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    • Crossref
    • Search Google Scholar
    • Export Citation
  • Afifi, T. O., Cox, B. J., Martens, P. J., Sareen, J., & Enns, M. W. (2010). Demographic and social variables associated with problem gambling among men and women in Canada. Psychiatry Research, 178(2), 395400. https://doi.org/10.1016/j.psychres.2009.10.003.

    • Crossref
    • Search Google Scholar
    • Export Citation
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    • Search Google Scholar
    • Export Citation
  • Becker, J. B., McClellan, M. L., & Reed, B. G. (2017). Sex differences, gender and addiction. Journal of Neuroscience Research, 95(1–2), 136147. https://doi.org/10.1002/jnr.23963.

    • Crossref
    • Search Google Scholar
    • Export Citation
  • Billieux, J., Schimmenti, A., Khazaal, Y., Maurage, P., & Heeren, A. (2015). Are we overpathologizing everyday life? A tenable blueprint for behavioral addiction research. Journal of Behavioral Addictions, 4(3), 119123. https://doi.org/10.1556/2006.4.2015.009.

    • Crossref
    • Search Google Scholar
    • Export Citation
  • Bush, K., Kivlahan, D. R., McDonell, M. B., Fihn, S. D., & Bradley, K. A. (1998). The AUDIT alcohol consumption questions (AUDIT-C): An effective brief screening test for problem drinking. Ambulatory Care Quality Improvement Project (ACQUIP). Alcohol use disorders identification test. Archives of Internal Medicine, 158(16), 17891795. https://doi.org/10.1001/archinte.158.16.1789.

    • Crossref
    • Search Google Scholar
    • Export Citation
  • Christo, G., Jones, S. L., Haylett, S., Stephenson, G. M., Lefever, R. M., & Lefever, R. (2003). The Shorter PROMIS Questionnaire: Further validation of a tool for simultaneous assessment of multiple addictive behaviours. Addictive Behaviors, 28(2), 225248. https://doi.org/10.1016/s0306-4603(01)00231-3.

    • Crossref
    • Search Google Scholar
    • Export Citation
  • Davison, C., Smith, G. D., & Frankel, S. (1991). Lay epidemiology and the prevention paradox: The implications of coronary candidacy for health education. Sociology of Health & Illness, 13(1), 119. https://doi.org/10.1111/1467-9566.ep11340301.

    • Crossref
    • Search Google Scholar
    • Export Citation
  • Etter, J. F., Le Houezec, J., & Perneger, T. V. (2003). A self-administered questionnaire to measure dependence on cigarettes: The Cigarette Dependence Scale. Neuropsychopharmacology, 28(2), 359370. https://doi.org/10.1038/sj.npp.1300030.

    • Crossref
    • Search Google Scholar
    • Export Citation
  • Ferris, J., & Wynne, H. (2001). The Canadian problem gambling index. Ottawa, ON: Canadian Centre on Substance Abuse.

  • Flowers, C. P., & Robinson, B. (2002). A structural and discriminant analysis of the work addiction risk test. Educational and Psychological Measurement, 62(3), 517526. https://doi.org/10.1177/00164402062003008.

    • Crossref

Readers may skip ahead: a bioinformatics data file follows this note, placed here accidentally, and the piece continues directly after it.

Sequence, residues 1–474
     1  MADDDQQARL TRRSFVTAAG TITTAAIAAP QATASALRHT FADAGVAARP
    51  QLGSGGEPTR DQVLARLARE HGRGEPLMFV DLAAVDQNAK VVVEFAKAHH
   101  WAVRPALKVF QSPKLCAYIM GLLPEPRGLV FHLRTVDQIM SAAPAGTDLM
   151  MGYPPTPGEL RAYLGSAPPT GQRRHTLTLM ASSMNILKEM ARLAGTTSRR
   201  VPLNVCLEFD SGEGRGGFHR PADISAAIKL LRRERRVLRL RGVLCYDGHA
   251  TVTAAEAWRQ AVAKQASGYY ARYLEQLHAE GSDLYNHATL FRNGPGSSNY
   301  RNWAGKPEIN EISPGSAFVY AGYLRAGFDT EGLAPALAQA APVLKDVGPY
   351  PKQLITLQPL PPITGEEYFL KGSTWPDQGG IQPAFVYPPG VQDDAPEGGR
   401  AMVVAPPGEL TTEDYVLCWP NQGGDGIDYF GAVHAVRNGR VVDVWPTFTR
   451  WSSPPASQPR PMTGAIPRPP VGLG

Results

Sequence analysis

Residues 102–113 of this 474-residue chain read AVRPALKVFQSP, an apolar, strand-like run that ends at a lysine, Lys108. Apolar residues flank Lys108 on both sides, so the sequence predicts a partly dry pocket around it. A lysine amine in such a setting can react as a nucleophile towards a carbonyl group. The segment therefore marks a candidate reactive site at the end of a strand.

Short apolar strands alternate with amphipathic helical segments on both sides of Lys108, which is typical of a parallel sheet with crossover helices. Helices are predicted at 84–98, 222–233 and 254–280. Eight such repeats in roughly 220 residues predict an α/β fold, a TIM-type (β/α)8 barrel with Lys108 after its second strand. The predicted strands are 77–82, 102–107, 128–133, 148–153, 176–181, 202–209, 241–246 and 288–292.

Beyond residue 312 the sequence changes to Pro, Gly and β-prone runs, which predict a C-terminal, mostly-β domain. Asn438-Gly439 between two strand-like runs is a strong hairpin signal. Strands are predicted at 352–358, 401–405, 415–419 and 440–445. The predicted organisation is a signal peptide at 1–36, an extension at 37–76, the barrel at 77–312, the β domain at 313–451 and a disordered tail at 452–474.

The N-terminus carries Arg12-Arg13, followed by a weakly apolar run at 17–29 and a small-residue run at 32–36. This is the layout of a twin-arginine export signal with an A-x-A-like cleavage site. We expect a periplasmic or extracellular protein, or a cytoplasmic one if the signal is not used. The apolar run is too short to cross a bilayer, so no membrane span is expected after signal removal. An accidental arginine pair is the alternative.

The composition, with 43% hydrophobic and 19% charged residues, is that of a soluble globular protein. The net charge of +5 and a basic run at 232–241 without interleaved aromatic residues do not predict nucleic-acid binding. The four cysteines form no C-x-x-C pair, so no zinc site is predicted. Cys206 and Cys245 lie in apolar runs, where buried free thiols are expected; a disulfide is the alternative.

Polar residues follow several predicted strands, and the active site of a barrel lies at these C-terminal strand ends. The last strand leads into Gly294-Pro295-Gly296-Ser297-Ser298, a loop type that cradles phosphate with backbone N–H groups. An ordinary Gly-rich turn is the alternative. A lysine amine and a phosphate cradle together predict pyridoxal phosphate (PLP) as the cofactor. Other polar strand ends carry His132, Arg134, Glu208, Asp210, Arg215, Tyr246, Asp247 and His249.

• Search Google Scholar
    • Export Citation
  • Gearhardt, A. N., Corbin, W. R., & Brownell, K. D. (2009). Preliminary validation of the Yale Food addiction scale. Appetite, 52(2), 430436. https://doi.org/10.1016/j.appet.2008.12.003.

    • Crossref
    • Search Google Scholar
    • Export Citation
  • Grant, J. E., & Chamberlain, S. R. (2016). Expanding the definition of addiction: DSM-5 vs. ICD-11. CNS Spectrums, 21(4), 300303. https://doi.org/10.1017/S1092852916000183.

    • Crossref
    • Search Google Scholar
    • Export Citation
  • Griffiths, M. D. (2017). Behavioural addiction and substance addiction should be defined by their similarities not their dissimilarities. Addiction, 112, 17181720. https://doi.org/10.1111/add.13828.

    • Crossref
    • Search Google Scholar
    • Export Citation
  • Holden, C. (2001). ‘Behavioral’ addictions: Do they exist?. Science, 294(5544), 980982. https://doi.org/10.1126/science.294.5544.980.

    • Crossref
    • Search Google Scholar
    • Export Citation
  • Hormes, J. M., Coffey, S. F., Drobes, D. J., & Saladin, M. E. (2012). The obsessive compulsive cocaine use scale: Development and initial validation of a self-rated instrument for the quantification of thoughts about cocaine use. Drug and Alcohol Dependence, 120(1–3), 250254. https://doi.org/10.1016/j.drugalcdep.2011.07.024.

    • Crossref
    • Search Google Scholar
    • Export Citation
  • Hyman, S. E. (2010). The diagnosis of mental disorders: The problem of reification. Annual Review of Clinical Psychology, 6, 155179. https://doi.org/10.1146/annurev.clinpsy.3.022806.091532.

    • Crossref
    • Search Google Scholar
    • Export Citation
  • Jay, M. (2019). generalhoslem: Goodness of fit tests for logistic regression models. R package version 1.3.4. Retrieved from https://CRAN.R-project.org/package=generalhoslem.

    • Search Google Scholar
    • Export Citation
  • Kalichman, S. C., Johnson, J. R., Adair, V., Rompa, D., Multhauf, K., & Kelly, J. A. (1994). Sexual sensation seeking: Scale development and predicting AIDS-risk behavior among homosexually active men. Journal of Personality Assessment, 62(3), 385397. https://doi.org/10.1207/s15327752jpa6203_1.

    • Crossref
    • Search Google Scholar
    • Export Citation
  • Kardefelt-Winther, D., Heeren, A., Schimmenti, A., van Rooij, A., Maurage, P., & Carras, M., et al. (2017). How can we conceptualize behavioural addiction without pathologizing common behaviours? Addiction, 112, 17091715. https://doi.org/10.1111/add.13763.

    • Crossref
    • Search Google Scholar
    • Export Citation
  • Keilwagen, J., Grosse, I., & Grau, J. (2014). Area under precision-recall curves for weighted and unweighted data. PloS One, 9(3), e92209. https://doi.org/10.1371/journal.pone.0092209.

    • Crossref
    • Search Google Scholar
    • Export Citation
  • Kim, H. S., & Hodgins, D. C. (2018). Component model of addiction treatment: A pragmatic transdiagnostic treatment model of behavioral and substance addictions. Frontiers in Psychiatry, 9(406). https://doi.org/10.3389/fpsyt.2018.00406.

    • Crossref